Among the cohort of first presentations with community-onset BSI (n = 1401), crude 30-day case-fatality rates were 14% (77/551), 15% (69/461), 10% (24/234), 17% (20/118), 29% (9/31) and 33% (2/6) with preceding eGFRs of ≥90, 60–89, 45–59, 30–44, 15–29 and <15 ml/min/m2 (P = 0.04), respectively. A multivariable logistic regression model was developed that had good discrimination (area under receiver operator characteristic curve 0.77) and calibration (goodness of fit P = 0.8). As shown in Table 3, after controlling for a number of co-variates, patients with eGFR <30 ml/min/m2 (odds ratio (OR) 2.3, 95% CI 1.0–5.2) but not 30–59 ml/min/m2 (OR 1.0, 95% CI 0.6–1.4) were at increased risk for death.
eGFR, estimate glomerular filtration rate.
This study is important as it adds to the small body of literature identifying renal dysfunction in the absence of ESRD as a significant risk factor for developing BSI. Additionally, we identified that eGFR <30 is an independent risk factor for mortality from BSI. These data raise the important possibility that renal dysfunction is a modifiable risk factor for serious infection and that enhanced preventative and management efforts may not only lead to a reduction in morbidity and mortality from kidney disease directly but also indirectly through infection prevention.
There are few studies for which to directly compare. Most importantly, James et al. in their study in Calgary found that increasing degrees of renal dysfunction were associated with concomitant increased risk for BSI in subjects aged 65 and older [Reference James4]. They further found an increased risk for death associated with renal dysfunction. Our results are similar and extend findings to a different population in Canada that includes young and middle-aged adults. Other studies have examined renal dysfunction and associated risk with pneumonia, infections in general and community-acquired infections [Reference Dalrymple5, Reference Viasus15–Reference Foley17]. While limited, there is an increasing body of evidence that supports the risk for infection in association with renal dysfunction.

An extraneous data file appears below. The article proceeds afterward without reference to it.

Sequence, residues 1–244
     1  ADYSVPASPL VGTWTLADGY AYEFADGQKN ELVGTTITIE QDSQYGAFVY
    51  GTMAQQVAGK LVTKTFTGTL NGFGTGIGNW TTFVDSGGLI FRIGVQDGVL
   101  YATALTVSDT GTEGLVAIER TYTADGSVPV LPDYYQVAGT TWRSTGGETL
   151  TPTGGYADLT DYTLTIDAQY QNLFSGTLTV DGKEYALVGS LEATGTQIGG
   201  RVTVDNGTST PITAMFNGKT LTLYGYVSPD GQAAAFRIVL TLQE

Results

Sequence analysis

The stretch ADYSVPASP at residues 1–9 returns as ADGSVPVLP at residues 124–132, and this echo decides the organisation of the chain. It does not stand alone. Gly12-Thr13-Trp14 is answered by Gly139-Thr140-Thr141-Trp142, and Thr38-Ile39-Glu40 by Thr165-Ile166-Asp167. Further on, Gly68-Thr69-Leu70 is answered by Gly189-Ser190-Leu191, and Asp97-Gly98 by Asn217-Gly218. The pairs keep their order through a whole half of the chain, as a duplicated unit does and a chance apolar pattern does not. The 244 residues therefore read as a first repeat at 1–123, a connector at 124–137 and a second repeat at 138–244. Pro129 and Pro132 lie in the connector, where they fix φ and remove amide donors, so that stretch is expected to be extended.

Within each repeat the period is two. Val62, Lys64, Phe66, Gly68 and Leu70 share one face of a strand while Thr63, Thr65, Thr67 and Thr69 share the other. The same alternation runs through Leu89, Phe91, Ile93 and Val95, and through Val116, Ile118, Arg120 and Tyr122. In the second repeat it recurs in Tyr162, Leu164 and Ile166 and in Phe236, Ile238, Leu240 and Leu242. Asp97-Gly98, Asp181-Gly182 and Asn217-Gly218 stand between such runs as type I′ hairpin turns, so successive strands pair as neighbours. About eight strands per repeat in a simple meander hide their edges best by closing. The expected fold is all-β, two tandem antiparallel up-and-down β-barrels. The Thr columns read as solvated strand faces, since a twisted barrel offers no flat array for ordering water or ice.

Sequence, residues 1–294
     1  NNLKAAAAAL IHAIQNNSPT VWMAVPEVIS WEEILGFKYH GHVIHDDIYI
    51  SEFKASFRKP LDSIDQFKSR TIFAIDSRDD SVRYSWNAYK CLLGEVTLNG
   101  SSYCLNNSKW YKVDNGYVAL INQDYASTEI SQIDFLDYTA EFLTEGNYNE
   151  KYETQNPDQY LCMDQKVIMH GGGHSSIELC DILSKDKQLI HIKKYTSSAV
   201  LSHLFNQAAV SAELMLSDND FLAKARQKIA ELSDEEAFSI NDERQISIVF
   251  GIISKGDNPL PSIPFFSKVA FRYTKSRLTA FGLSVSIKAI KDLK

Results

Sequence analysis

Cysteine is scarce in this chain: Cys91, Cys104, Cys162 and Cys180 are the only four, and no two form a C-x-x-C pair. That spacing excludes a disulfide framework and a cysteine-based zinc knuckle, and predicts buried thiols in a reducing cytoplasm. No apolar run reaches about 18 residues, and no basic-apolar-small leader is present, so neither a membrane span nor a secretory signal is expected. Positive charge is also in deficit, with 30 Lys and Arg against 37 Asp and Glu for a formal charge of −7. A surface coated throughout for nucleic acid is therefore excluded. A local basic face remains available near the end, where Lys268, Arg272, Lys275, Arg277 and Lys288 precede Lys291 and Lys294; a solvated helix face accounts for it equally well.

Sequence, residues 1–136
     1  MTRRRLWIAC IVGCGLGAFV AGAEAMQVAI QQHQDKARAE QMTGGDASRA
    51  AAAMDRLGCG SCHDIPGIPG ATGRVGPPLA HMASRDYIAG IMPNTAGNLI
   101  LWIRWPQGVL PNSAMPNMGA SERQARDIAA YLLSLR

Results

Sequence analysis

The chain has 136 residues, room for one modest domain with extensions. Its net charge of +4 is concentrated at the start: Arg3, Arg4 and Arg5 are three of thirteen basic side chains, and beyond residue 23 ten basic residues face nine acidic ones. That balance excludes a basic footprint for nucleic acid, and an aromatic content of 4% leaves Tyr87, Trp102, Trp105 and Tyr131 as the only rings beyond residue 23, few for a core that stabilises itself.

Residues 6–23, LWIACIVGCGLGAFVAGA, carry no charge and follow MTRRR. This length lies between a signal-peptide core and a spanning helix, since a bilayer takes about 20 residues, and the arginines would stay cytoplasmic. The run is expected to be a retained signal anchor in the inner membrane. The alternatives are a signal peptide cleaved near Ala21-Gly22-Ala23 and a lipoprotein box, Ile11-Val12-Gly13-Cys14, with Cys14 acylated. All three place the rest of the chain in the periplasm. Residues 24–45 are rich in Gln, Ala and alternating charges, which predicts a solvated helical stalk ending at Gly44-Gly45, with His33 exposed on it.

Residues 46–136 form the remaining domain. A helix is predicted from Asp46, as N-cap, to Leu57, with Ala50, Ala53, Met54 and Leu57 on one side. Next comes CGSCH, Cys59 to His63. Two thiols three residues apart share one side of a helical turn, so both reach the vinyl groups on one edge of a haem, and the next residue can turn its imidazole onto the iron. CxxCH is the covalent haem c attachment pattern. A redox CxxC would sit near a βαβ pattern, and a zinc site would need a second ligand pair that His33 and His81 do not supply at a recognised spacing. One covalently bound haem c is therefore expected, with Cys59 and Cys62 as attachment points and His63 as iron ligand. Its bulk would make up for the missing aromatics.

There are a number of limitations that merit discussion. First, although we had a sizable cohort of 1553 cases, we had relatively small numbers of cases in the more advanced degrees of kidney dysfunction such that we may have underpowered to detect significant differences among groups. Second, we based our assessment on determining the best eGFR within 3 months of admission such that the possibility exists that some of the abnormal renal functions may have been a result rather than a contributing factor infection. Third, we did not have linked individual-level data on co-morbidities and renal function among population controls. This precludes multivariable analysis of risk for acquiring BSI. In addition, although the prevalence rates we used are based on an extensive systematic review, they do add a degree of imprecision to our findings. Finally, not all of our subjects had preceding renal function documented and we assumed missing cases to have normal function. Thus, our estimates should be viewed as conservative.
In summary, this study demonstrates that patients who have non-dialysis-dependent renal impairment are at increased risk for the developing and dying from community-onset BSI and that this occurs in an impairment-dependent fashion. Efforts to reduce the occurrence of chronic renal disease may be expected to reduce the major burden associated with these important infections.
We thank Ursula Kaeser and Holly Buhler, Interior Health, for providing the kidney function data from the corporate warehouse.
This work was supported by the British Columbia Provincial Renal Agency and the Interior Health Renal Program.
Conflict of interest